Mr Swinney also said he was "happy to reaffirm" the Scottish government's commitment to financial regulation being UK-wide.

    Scottish Finance Minister John Swinney

    He told BBC Radio Scotland's Good Morning Scotland programme: "The points Jeremy Peat makes about common regulation are points we made during the referendum campaign, where our proposal was that we should work to maintain our financial services market across these islands.

    "I have told business leaders the Scottish government, and for my part the Scottish National Party, would be firm supporters of maintaining the United Kingdom's membership of the European Union.

    "We see the advantages of Scotland being a full participant in the European markets and what the EU referendum threatens to do is to jeopardise that direct relationship between Scottish companies and European markets."

    Oil prices Douglas Fraser Business and economy editor, Scotland

    Oil price drop and North Sea tech delays force Canada-owned Iona Energy (UK) to cut costs and restructure $275m bond issue.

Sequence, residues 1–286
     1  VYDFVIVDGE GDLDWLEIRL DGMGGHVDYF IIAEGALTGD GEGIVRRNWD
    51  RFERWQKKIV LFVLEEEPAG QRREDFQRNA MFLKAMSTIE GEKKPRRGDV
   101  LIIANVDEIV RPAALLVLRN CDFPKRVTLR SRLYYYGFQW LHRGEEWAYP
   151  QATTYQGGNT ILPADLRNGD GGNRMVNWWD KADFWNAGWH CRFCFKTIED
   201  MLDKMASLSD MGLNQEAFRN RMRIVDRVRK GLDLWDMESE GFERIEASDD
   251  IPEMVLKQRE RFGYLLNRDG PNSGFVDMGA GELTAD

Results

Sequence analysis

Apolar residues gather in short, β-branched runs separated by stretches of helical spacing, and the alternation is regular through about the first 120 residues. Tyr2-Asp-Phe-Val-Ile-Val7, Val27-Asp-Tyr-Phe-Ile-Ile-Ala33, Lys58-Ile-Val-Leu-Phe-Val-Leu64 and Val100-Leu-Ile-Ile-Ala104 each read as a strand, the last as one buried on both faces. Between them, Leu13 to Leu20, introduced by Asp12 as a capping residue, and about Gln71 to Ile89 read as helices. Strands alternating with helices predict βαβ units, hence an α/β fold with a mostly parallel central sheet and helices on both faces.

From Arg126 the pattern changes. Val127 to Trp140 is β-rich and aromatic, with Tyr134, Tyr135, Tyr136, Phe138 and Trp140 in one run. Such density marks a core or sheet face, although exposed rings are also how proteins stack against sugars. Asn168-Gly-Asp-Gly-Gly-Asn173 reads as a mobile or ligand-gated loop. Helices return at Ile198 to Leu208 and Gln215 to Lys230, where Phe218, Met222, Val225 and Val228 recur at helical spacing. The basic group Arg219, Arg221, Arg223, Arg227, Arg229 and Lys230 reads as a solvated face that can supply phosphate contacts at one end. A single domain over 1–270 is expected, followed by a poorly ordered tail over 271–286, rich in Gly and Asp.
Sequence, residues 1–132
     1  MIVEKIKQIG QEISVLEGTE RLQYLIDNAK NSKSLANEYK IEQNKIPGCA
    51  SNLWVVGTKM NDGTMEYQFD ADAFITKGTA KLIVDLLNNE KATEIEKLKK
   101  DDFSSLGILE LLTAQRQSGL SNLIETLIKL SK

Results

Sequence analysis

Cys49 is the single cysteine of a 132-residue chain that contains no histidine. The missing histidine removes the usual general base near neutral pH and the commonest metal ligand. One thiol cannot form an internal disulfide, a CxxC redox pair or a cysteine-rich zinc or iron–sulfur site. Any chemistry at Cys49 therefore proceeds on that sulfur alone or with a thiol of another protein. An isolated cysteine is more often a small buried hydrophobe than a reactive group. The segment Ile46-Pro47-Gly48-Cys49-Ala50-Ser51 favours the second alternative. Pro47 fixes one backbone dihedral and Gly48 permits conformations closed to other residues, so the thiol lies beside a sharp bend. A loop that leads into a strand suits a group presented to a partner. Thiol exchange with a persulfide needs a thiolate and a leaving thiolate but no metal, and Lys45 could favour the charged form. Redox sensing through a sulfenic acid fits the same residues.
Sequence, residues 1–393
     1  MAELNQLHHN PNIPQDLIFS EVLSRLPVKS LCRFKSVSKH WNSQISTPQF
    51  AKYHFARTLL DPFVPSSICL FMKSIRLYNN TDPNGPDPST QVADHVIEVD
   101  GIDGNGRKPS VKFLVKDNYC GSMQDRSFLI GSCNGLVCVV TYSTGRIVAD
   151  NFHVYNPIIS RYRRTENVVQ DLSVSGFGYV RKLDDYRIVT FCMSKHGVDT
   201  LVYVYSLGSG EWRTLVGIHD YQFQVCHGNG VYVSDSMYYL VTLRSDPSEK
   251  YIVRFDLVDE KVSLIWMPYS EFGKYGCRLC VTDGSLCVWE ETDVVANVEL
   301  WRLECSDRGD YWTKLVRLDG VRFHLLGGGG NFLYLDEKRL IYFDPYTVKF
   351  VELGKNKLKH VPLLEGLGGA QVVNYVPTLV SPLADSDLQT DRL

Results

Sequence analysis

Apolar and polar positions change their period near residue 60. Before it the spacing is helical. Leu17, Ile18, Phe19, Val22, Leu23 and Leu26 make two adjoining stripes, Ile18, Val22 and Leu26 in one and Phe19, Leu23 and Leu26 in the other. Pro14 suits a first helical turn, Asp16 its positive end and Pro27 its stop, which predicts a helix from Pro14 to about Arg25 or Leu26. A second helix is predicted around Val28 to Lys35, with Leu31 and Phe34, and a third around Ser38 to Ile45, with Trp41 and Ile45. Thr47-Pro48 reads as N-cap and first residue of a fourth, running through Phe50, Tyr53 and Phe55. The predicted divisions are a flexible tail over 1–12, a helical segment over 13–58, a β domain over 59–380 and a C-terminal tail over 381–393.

08:24: CalMac sailings liable to disruption BBC Scotland Travel Latest

    Due to adverse weather, sailings on the Mallaig - Armadale service are on amber alert today and are liable to disruption.

    Keep an eye on the latest on the CalMac website.

    08:10: 'Immense' council savings sought

    Councillors will meet later to discuss cuts to services and staff to help Highland Council save £55m over the next four years.

    The local authority's budget leader Maxine Smith has described the scale of savings it must achieve as "immense".

    Scottish bank notes and pound coins

    She said the administration had listened to public feedback on proposed cuts and it had sought to protect frontline services and jobs.

    An opposition group of councillors has suggested alternative savings.

    A full meeting of the council in Inverness will consider the rival proposals from the SNP/Lib Dem/Labour coalition, which runs the council, and from the Independent group.

    07:55: Some dogs are more than just a companion Louise Sayers BBC Scotland